The of membership to the Council (i.e. permanent,

The question of the reform of the UNSC is as old as
the UN itself. Member States have consistently
voiced concerns over permanent representation on the Council and the power of
the veto, especially since the end of the Cold War, by which point global
geopolitical realities had clearly shifted since 1945. Formal discussion about
reforming the UN Security Council began with the 1993 establishment of the Open-ended Working Group on the Question of
Equitable Representation on and Increase in the Membership of the Security
Council and Other Matters related to the Security Council.

After more than a decade of the
Working Group, Member States decided in September 2007 to move discussions to
an Intergovernmental Negotiations (IGN) process. The delegation of Gabon echoes
the decision 62/557 of 2008, which laid out the parameters of the IGN, the
five key issues under consideration in these negotiations are: 1) categories of
membership to the Council (i.e. permanent, non-permanent, or a third option),
2) the question of the veto, 3) regional representation, 4) size of an enlarged
council and working methods, and 5) the relationship between the Council and
the General Assembly.

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Gabon sternly believes it is
vital to ensure that multilateralism guaranteed collective security and
inclusion.  Africa represents the largest geographic group at the United
Nations and issues relating to the continent remain the bulk of the Council’s
agenda.  Any future Security Council reform must ensure that Africa has a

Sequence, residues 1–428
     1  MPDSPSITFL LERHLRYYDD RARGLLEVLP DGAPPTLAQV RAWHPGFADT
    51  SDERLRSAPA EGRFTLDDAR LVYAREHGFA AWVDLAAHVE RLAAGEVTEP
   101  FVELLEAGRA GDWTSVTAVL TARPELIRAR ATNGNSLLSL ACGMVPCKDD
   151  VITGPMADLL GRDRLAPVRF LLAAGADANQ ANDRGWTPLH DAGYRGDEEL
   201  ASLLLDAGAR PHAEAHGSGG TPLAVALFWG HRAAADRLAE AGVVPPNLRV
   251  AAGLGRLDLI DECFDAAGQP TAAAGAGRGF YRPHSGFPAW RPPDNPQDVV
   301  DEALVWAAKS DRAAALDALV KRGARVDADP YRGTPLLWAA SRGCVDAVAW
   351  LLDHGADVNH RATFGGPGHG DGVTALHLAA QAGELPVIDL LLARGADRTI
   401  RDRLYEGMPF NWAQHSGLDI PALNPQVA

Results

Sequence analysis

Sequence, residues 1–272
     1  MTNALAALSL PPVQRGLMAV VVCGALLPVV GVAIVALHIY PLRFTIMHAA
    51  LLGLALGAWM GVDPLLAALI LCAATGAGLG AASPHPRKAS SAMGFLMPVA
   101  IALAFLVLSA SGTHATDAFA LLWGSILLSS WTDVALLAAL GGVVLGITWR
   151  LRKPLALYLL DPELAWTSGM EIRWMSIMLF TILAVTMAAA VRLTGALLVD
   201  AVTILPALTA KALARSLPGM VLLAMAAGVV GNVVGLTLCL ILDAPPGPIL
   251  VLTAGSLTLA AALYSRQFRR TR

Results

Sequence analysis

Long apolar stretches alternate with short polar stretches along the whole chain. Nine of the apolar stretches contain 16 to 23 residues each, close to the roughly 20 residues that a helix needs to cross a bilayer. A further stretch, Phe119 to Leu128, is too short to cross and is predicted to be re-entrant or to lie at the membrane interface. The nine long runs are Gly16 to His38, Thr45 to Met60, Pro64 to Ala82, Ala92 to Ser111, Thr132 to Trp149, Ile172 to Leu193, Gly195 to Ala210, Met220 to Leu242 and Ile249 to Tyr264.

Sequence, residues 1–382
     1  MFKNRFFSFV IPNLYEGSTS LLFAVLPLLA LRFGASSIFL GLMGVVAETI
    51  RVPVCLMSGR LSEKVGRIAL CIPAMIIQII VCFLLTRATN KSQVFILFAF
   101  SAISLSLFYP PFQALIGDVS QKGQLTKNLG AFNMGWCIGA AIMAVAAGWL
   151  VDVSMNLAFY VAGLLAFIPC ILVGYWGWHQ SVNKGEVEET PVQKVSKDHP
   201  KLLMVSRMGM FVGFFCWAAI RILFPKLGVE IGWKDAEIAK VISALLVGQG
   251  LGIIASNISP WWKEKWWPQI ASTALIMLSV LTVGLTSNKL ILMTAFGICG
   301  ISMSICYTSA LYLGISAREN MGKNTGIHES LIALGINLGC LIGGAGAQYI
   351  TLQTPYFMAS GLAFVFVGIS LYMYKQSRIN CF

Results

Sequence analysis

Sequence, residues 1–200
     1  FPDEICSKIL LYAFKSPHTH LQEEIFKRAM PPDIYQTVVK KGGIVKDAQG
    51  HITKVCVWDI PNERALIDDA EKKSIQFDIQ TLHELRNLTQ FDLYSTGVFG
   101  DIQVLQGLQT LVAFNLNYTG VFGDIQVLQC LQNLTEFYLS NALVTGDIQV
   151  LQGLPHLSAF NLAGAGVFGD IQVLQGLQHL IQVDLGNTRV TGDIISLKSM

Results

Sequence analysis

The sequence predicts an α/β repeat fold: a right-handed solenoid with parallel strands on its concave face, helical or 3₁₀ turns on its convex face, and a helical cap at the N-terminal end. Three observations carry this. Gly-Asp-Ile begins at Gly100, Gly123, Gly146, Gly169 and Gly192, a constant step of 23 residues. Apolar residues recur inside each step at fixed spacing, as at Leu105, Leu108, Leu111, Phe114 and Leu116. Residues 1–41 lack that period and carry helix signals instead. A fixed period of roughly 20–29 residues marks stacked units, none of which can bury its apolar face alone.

permanent seat. That is part and parcel of the aspirations for genuine democracy
of global political and economic governance.

Gabon’s
and the African Common Position stand to enlarge the Security Council in both
the permanent and non-permanent categories, improve on its working methods and
accord the new permanent members the same prerogatives and privileges as those
of the current permanent members, including the right to veto. Gabon believes
that an equitable representation mandates the increase in the Security Council’s
membership from fifteen to twenty-six with the eleven additional seats to be
distributed as follows where two permanent seats and two (additional) non-permanent
seats are for African States, two permanent seats and one non-permanent seat is
for Asian States, one non-permanent seat is Eastern European States, one
permanent seat and one non-permanent seat is for Latin American and Caribbean
States, and one permanent seat is for Western European and other States.

The lack of legitimacy of the Council
is a cancer that eats away at every institution within the broader UN system.
Power is shifting, but not in the Security Council, where the victors of a war
fought 70 years ago determine every important decision. We cannot let this effort
at reform has fall foul of power politics.